(BIVN) – 1,520 miles away from Hilo, Hurricane Hector remains a small but powerful storm as it makes its way west towards the Central Pacific. Its projected path – at the moment – has the storm passing just to the south of Hawai‘i Island.
Hector’s maximum sustained winds remain near 120 mph (195 km/h) with higher gusts, keeping the storm at Category Three strength; a major hurricane. Short-term fluctuations in intensity are likely during the next few days, forecasters say, but Hector is expected to be near major hurricane intensity through early next week.
Hurricane-force winds now extend outward up to 25 miles (35 km) from the center and tropical-storm-force winds extend outward up to 80 miles (130 km).
“There have been some subtle changes in Hector during the past several hours with satellite imagery indicating a slight disruption of the eyewall convective pattern,” the NWS National Hurricane Center wrote this morning. “This appears to be due to a slowly evolving eyewall cycle, which can only be readily seen by high-resolution microwave data such as AMSR2, due to Hector’s small size.”
The eyewall cycle makes future intensity changes are harder to predict, the NWS says. “Since Hector is forecast to remain in a favorable large-scale environment, albeit with marginal SSTs, little overall change in strength is indicated during the next couple of days,” the forecasters say. “Hector’s small size could also make it prone to short-term fluctuations in intensity, up or down, like the one observed yesterday. In about 3 days, Hector is forecast to move over somewhat cooler SSTs and into a drier environment, so gradual weakening is shown. Little change was made to the previous NHC wind speed prediction, near or just above the model consensus.”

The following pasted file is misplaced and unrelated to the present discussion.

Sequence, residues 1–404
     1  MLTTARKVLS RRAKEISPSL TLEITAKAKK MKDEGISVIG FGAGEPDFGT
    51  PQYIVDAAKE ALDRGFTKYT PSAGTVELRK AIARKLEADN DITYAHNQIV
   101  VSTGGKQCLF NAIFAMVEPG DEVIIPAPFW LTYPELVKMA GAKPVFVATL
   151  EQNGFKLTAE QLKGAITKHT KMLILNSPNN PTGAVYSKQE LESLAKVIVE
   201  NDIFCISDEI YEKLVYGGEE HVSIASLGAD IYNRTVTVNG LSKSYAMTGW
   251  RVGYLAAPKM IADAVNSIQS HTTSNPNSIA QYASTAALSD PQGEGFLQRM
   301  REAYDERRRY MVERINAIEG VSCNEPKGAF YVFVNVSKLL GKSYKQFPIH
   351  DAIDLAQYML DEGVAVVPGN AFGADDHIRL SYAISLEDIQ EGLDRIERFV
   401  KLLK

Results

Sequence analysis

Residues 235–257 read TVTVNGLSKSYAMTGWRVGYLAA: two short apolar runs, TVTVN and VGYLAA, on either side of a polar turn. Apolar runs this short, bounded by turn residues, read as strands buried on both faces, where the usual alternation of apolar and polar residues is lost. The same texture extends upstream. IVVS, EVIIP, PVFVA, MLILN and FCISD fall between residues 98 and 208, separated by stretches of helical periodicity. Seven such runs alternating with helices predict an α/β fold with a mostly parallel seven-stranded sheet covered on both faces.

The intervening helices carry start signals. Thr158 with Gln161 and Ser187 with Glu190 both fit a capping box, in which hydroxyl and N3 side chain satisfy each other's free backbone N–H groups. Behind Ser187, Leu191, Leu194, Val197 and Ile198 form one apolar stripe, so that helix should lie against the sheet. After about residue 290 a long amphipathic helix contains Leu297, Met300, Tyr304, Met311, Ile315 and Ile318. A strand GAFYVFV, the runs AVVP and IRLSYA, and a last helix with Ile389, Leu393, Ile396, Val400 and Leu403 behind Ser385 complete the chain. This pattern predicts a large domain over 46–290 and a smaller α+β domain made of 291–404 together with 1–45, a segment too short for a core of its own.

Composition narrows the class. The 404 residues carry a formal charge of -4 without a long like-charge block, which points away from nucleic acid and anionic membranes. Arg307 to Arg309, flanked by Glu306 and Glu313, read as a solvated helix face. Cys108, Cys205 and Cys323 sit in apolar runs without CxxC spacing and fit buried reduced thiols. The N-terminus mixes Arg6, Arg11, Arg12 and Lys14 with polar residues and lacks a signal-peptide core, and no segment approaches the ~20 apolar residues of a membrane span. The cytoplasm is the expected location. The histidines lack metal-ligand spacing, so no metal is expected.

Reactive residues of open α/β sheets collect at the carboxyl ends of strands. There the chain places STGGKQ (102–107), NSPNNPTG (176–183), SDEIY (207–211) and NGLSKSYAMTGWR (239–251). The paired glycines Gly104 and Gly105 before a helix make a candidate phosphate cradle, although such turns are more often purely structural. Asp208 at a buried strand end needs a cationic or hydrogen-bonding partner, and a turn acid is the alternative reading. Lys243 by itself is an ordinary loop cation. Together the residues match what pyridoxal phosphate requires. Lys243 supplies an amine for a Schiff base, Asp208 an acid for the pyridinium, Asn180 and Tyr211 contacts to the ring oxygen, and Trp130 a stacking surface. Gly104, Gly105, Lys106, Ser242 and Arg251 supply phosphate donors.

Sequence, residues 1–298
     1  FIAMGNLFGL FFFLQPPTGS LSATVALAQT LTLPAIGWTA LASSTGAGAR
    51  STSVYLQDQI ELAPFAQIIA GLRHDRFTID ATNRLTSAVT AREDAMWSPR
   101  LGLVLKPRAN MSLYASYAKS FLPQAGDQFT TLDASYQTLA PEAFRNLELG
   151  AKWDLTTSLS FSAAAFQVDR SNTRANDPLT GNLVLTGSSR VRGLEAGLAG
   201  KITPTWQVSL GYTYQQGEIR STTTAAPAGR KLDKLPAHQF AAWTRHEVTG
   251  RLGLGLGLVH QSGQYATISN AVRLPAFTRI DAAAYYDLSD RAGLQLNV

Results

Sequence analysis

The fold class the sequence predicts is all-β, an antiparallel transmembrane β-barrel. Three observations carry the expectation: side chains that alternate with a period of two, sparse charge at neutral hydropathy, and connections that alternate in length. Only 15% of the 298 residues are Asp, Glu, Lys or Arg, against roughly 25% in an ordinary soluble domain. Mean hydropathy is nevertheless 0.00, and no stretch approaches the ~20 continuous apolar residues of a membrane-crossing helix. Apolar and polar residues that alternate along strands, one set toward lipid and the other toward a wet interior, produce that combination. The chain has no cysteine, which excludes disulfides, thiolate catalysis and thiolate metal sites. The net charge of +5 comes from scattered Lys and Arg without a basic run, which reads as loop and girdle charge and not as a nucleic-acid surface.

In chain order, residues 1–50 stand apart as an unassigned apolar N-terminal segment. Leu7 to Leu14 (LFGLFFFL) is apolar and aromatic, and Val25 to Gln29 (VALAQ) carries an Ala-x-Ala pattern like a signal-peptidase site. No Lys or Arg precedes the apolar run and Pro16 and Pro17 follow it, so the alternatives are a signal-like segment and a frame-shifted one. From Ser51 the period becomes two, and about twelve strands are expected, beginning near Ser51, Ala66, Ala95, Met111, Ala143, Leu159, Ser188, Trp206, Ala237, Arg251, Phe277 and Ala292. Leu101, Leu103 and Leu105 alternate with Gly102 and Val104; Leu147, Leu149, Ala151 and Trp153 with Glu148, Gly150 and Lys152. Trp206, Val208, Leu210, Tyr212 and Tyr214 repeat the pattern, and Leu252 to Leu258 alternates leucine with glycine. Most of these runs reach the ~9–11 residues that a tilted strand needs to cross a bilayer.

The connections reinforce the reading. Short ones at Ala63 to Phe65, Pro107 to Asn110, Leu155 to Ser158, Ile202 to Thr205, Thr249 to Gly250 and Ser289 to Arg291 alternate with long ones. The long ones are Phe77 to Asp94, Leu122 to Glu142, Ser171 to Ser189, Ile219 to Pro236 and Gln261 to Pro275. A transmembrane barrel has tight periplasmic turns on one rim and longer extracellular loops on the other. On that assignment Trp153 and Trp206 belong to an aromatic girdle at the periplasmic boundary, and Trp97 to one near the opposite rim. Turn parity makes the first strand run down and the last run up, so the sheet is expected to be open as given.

As for the direction of Hector over the next five days, the NWS wrote:
Hector is locked into a westward motion of 270/10 kt. A large subtropical ridge to the north should steer the hurricane generally westward throughout the forecast period, with Hector gradually gaining some latitude on Sunday and beyond due to a weakness in the ridge. Overall the model guidance is in much better agreement than yesterday, and only cosmetic changes were made to previous track forecast.
There is the potential for Hector to affect portions of the Hawaiian Islands by the middle of next week, but it is too soon to specify the magnitude of any impacts or where they could occur. This is a good time for everyone in the Hawaiian Islands to ensure they have their hurricane plan in place.